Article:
Is there someone who who has inspired you inside of the industry and makes you want to keep going?
Jack Herer. Jack was a very interesting guy. He was the first guy that really, really brought attention to the fact that, not only is cannabis a medicine, but it’s probably the most important plant on the planet, without a doubt.
I read his book ‘Emperor Wears No Clothes’; that set me off on the right path. Up until then I’d just been a comedian talking about pot. I really didn’t know the history until I met Jack and we became pretty good friends. The cool part of Jack’s book is that it is still very now, very today. It still carries the same message it did when it came out.
You’ve dealt with multiple ailments over the years and have treated yourself with a variety of cannabis-derived treatments. How has cannabis helps you personally?
Right now, I’m going through chemo and radiation at the same time. I could not do it without cannabis. Inhaling cannabis and getting high, allows me to not only sit through these treatments, but actually have a somewhat enjoyable experience. I also do suppositories. I’m doing heavy, heavy doses of CBD oil suppositories up in the infected area. I’m hoping that the oil will dissolve the tumor because I believe it has that ability. With radiation, chemo and the topical oil treatments, I think I’m going to see real results. If it really does work, then I’m going to definitely make sure that every medical book in America is going to have a chapter on how it worked.
Right now, I’m going through chemo and radiation at the same time. I could not do it without cannabis.
Now, if it doesn’t dissolve the tumor, it’s still as effective as a soother. When you have cancer, the worst thing is that the brain starts telling you that you’re going to die. You get very depressed and down on yourself. However, with cannabis, you can take your mind off of what you’re going through. When you’re high on pot, you’re listening to music or writing. Right now, I’m writing all sorts of jokes and other stuff. You get so creative when you’re high, especially when you’re high as a medicine. It’s not like when you are high just to party. When you’re taking it as a medicine it activates the creative part in your brain, and that also activates the immune system.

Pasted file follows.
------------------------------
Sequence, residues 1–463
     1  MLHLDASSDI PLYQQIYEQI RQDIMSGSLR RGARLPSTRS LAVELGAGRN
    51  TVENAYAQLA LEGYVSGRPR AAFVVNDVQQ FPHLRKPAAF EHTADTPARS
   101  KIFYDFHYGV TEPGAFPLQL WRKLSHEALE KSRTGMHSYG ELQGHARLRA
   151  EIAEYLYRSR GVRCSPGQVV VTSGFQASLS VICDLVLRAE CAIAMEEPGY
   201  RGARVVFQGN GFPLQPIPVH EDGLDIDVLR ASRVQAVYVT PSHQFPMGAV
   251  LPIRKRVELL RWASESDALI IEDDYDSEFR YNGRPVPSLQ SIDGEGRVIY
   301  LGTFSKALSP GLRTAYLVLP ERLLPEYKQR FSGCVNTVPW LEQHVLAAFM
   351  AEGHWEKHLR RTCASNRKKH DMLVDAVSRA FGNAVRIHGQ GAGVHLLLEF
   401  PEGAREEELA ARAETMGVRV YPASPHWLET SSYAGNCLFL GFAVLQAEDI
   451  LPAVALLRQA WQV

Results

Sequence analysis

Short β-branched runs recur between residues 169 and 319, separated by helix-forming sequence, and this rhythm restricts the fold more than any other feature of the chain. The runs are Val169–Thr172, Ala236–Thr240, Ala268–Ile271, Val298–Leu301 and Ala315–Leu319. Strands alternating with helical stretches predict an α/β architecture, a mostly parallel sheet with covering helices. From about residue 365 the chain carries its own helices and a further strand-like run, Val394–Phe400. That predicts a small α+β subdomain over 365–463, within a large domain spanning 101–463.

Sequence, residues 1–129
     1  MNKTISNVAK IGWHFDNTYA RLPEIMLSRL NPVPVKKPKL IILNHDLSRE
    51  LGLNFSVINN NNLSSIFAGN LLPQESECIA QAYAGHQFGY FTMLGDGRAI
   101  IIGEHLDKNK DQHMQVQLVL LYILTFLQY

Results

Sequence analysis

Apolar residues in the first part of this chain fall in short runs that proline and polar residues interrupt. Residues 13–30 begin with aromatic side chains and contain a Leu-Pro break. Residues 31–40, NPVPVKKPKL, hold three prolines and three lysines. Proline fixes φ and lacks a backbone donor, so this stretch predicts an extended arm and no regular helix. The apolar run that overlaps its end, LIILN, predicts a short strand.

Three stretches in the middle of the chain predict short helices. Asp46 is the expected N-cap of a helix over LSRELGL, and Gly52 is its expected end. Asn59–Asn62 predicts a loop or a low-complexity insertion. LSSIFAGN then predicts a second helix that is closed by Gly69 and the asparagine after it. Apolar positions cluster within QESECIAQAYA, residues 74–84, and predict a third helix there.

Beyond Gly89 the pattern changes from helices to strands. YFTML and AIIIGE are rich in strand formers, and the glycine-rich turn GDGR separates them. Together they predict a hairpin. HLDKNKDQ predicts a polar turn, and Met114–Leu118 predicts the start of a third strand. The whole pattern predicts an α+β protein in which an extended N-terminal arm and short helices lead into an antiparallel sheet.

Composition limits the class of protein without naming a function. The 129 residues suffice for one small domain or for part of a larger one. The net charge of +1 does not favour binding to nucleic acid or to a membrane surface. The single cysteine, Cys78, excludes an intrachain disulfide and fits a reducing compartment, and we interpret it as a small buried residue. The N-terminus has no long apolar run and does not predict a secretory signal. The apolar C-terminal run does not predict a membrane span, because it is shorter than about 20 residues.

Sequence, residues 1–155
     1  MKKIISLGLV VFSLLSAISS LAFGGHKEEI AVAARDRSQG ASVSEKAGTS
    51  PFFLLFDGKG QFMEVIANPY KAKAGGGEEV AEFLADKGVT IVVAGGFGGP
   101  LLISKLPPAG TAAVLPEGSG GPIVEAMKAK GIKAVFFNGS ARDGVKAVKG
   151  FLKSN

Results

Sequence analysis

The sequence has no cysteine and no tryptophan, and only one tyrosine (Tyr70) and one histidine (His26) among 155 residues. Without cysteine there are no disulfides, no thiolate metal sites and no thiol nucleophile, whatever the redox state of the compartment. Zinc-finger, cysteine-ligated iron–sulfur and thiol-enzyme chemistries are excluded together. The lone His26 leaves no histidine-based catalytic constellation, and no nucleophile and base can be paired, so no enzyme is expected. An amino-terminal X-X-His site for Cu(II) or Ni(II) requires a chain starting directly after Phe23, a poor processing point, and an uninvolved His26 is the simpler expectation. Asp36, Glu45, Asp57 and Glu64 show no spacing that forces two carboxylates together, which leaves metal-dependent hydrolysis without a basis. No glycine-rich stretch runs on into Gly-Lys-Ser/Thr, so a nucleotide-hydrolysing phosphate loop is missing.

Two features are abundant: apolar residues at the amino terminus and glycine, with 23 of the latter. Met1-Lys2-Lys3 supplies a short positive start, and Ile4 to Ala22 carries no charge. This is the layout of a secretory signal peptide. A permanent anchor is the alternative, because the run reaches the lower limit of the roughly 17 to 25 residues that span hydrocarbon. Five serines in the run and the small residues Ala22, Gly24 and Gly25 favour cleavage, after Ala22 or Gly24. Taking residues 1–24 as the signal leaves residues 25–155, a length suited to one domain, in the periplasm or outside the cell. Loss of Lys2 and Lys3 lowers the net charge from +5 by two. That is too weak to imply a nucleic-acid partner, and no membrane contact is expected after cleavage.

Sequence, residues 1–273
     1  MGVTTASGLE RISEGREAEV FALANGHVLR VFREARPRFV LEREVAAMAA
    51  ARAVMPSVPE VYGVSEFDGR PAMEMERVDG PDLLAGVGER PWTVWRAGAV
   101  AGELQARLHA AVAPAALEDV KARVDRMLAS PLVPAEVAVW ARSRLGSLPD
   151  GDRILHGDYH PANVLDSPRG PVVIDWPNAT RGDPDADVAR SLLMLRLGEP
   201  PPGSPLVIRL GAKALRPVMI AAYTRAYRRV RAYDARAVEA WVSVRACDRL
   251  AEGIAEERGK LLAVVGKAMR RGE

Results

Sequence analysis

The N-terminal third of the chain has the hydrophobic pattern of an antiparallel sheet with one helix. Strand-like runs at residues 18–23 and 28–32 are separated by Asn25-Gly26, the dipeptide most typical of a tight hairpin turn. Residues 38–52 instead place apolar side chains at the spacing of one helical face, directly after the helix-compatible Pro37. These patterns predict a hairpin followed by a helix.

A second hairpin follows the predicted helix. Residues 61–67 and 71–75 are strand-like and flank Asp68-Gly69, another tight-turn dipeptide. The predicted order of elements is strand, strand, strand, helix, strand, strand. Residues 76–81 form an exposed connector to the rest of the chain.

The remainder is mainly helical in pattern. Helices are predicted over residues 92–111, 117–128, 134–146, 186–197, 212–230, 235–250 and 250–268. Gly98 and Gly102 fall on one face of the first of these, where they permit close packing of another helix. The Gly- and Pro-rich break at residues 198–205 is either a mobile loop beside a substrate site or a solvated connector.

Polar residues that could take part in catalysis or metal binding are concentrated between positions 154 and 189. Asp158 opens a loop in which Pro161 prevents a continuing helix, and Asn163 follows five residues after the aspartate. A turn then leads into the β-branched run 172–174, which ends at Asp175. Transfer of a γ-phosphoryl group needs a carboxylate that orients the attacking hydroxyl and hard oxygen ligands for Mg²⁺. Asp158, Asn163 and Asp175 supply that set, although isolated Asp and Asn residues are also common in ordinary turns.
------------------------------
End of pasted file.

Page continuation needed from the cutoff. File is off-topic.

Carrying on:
I really believe that cannabis works on the brain to activate all the different healing processes that take place. Everything that heals goes through the brain. The brain is the central computer and cannabis definitely works on the brain.
What kind of cancer are you dealing with now?
I have stage 1 rectal cancer. Luckily, it’s not that aggressive. I also had stage 1 prostate cancer, which was scarier because you can die from prostate cancer, even if it’s stage 1.
Spreading the message is my goal. That’s why I feel that I was blessed with this ailment, because I’m so vocal and so public with my journey.
I’ll tell you, all the cancer doctors were very straight laced when I met them. I was threatening to go the holistic route, and they were, “Oh, please don’t do that.” Because they have a way of radiating and burning it out. I told them, “Okay, I’ll go your route but I got to do it with my cannabis with it.” None of them had any problems with it.
They can’t recommend it but they’ve sure been behind me all the way. It’s more than just a placebo. I know that. It really works. I’ve been told cancer cells are just zombie cells that are being kept alive with sugar.
That’s the problem that America has right now with their bad eating habits. The other thing I want to do here is, if I can, to try to straighten out the eating habits of America.
Sugar or anything acidic, like red meat, keep cancer cells alive. Cancer cells feed off that and it’s basically sugar, because sugar is so caustic. If you put sugar in your gas tank it will stop the car. You can see how much power that sugar has. It’s basically what our body runs on, glucose, that’s life.
What happens when you’re eating refined foods is that you’re putting sugar into your body, into the food chain and then if you’re susceptible in any way to cancer then the cancer cells have a food source right there. That’s the problem that America has right now with their bad eating habits. The other thing I want to do here is, if I can, to try to straighten out the eating habits of America.